In our hospital, in accordance with previous studies [5, 9, 10], HHV-6 DNA was detected in approximately 0.9% of all CSF samples. The judgements of our expert panel reinforce the existing idea [6, 10] that most positive results for HHV-6 in CSF are not likely to indicate infection. Considering our large number of samples and extended period of time, it may be reasonable to assume that a very low percentage of our general population, like others [9], carries HHV-6 DNA chronically and asymptomatically. There is evidence that the virus circulates ubiquitously in the community with the high incidence of exanthema subitum and having the capacity to integrate in the human germline genome and be inherited in a mendelian manner [5, 10, 11]. Consequently, viral HHV-6 genome can always be detected in any body sample with nucleated cells of the patients who have chromosomally integrated human herpesvirus (ciHHV-6) [5, 10, 11]- in about 1% of the population [5]. Our study suggests, however, that HHV-6 can be detected even in the absence of nucleated cells (3 of our patients had no white blood cells in CSF). For this phenomenon we may consider three possible explanations: nucleated cells could have been destroyed during sample preparation; although rare, nucleated skin epithelial cells could be present in the sample [12] or another mechanism may exist, like the detection of latent virus originated from ciHHV-6 [10].

According to our expert panel, only two of 19 patients had a likely HHV-6 encephalitis. The two “likely” cases had the typical symptoms described in literature that are commonly associated with HHV-6 encephalitis such as fever, memory loss, confusion, changes of behaviour and one of the patients had also seizures [2, 6, 7]. However, only one of them had the characteristic HHV-6 MRI finding: hyperintense lesions on T2-weighted at the amygdala and hippocampus appearing as acute limbic encephalitis [2, 6, 8]. At the beginning of the infection imaging can be normal13 and, unfortunately in the second “likely” case, it was not repeated.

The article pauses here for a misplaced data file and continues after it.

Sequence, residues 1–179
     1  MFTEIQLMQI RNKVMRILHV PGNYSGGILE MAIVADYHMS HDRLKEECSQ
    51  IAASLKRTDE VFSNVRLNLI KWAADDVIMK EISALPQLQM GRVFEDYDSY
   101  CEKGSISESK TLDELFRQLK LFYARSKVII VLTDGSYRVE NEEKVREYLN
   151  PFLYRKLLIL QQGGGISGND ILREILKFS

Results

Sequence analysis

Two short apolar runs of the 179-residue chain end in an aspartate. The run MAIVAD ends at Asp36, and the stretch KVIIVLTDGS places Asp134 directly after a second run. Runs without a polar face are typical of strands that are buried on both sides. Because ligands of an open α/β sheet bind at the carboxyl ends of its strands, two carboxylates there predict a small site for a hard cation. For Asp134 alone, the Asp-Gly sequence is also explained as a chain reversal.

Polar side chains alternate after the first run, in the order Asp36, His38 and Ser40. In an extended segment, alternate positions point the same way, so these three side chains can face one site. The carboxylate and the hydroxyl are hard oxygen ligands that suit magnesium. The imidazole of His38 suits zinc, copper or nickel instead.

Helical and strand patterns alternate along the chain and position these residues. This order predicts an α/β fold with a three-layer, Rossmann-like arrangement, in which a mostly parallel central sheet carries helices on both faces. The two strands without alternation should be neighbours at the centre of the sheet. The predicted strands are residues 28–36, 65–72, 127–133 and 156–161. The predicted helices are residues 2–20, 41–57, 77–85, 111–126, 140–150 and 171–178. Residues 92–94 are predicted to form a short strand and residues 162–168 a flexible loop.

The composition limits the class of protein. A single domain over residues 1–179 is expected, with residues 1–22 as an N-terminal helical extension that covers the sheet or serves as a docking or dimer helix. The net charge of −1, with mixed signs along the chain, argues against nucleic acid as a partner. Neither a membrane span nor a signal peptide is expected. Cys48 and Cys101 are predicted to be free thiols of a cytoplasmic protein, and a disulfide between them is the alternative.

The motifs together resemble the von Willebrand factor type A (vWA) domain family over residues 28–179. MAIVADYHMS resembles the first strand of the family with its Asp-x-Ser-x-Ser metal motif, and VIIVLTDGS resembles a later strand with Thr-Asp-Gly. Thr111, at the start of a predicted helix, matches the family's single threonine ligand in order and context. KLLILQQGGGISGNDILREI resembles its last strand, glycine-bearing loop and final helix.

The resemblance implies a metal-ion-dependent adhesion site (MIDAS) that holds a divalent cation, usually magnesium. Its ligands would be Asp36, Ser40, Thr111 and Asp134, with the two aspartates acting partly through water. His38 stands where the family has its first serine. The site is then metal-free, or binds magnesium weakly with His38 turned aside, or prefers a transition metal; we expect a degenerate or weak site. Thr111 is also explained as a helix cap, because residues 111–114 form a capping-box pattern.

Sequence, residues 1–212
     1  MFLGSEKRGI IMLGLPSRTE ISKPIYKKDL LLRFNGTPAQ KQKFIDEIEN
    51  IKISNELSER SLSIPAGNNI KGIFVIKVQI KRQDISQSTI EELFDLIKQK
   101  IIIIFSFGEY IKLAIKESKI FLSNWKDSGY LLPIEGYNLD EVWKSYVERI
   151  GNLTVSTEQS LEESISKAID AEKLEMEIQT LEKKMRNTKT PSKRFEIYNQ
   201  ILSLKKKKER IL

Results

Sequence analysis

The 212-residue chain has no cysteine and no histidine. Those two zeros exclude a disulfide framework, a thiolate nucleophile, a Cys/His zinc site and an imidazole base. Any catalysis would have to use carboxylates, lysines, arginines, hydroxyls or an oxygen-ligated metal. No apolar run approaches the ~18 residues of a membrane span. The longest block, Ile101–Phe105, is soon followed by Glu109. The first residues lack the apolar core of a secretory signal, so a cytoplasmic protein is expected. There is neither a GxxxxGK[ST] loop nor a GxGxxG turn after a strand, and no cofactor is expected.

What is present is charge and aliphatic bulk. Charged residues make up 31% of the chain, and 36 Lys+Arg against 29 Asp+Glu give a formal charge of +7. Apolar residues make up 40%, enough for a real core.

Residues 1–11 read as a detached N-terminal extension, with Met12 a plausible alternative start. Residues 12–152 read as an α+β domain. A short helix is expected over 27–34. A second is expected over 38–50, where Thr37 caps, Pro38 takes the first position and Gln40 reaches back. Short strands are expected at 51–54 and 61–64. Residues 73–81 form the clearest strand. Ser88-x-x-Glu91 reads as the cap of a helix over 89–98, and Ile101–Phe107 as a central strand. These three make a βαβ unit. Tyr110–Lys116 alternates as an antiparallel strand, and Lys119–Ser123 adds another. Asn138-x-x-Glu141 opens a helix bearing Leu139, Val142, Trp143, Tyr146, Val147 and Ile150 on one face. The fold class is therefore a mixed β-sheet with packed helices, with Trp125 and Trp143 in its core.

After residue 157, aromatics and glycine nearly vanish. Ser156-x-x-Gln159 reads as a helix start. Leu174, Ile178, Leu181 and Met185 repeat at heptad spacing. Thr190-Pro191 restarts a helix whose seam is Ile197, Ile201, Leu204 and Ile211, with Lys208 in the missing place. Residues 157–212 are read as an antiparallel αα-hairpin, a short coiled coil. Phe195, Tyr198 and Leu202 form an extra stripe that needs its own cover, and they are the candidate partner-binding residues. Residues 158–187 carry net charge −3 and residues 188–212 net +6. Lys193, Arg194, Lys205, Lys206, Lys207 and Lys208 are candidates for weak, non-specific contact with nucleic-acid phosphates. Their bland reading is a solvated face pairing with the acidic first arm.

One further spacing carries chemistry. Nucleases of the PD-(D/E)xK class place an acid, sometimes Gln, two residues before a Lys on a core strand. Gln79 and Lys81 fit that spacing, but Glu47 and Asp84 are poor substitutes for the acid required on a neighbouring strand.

Additionally, the HHV-6 encephalitis typically occurs 2-6 weeks after HSCT as we have seen in the first case [7, 8, 14]. The most likely mechanism is reactivation of HHV-6, which is more common in immunocompromised patients [5, 10, 14]. The reactivation is usually seen in patients submitted to allogenic transplant, but it is also possible after autologous stem cell transplantation as in this case [10].

In the two “possible” cases, it is difficult to assign HHV-6 as the causative organism because neither patient was immunocompromised, but once there was no alternative diagnosis, HHV-6 encephalitis was considered. In fact, HHV-6 encephalitis in immunocompetent patients is regarded as extremely rare [8, 15] and controversial [5, 6, 10]. In these patients, ciHHV-6 reactivation theory is certainly more difficult to accept and there is even scarce evidence of its existence [10]. However, there are some reported cases of HHV-6 encephalitis in immunocompetent patients [15], who experienced seroconversion during the infection. In clinical cases resembling these two, quantitative PCR in CSF and blood, HHV-6 viral load, chromosomal integration and serology can add important information to clinical judgement. A positive qualitative detection of HHV-6 DNA may not be conclusive because it can measure ciHHV-6. Ideally, a whole blood sample should be tested at the same time and if the viral loads exceeds >104 HHV-6 DNA copies/mL and the ratio of viral and human genomes is 1:1, it is possibly a case of ciHHV-6 [5, 7]. Some studies suggest that higher levels of HHV-6 in plasma are associated with an increased risk of HHV-6 encephalitis [16, 17], still if the diagnosis does not become certain.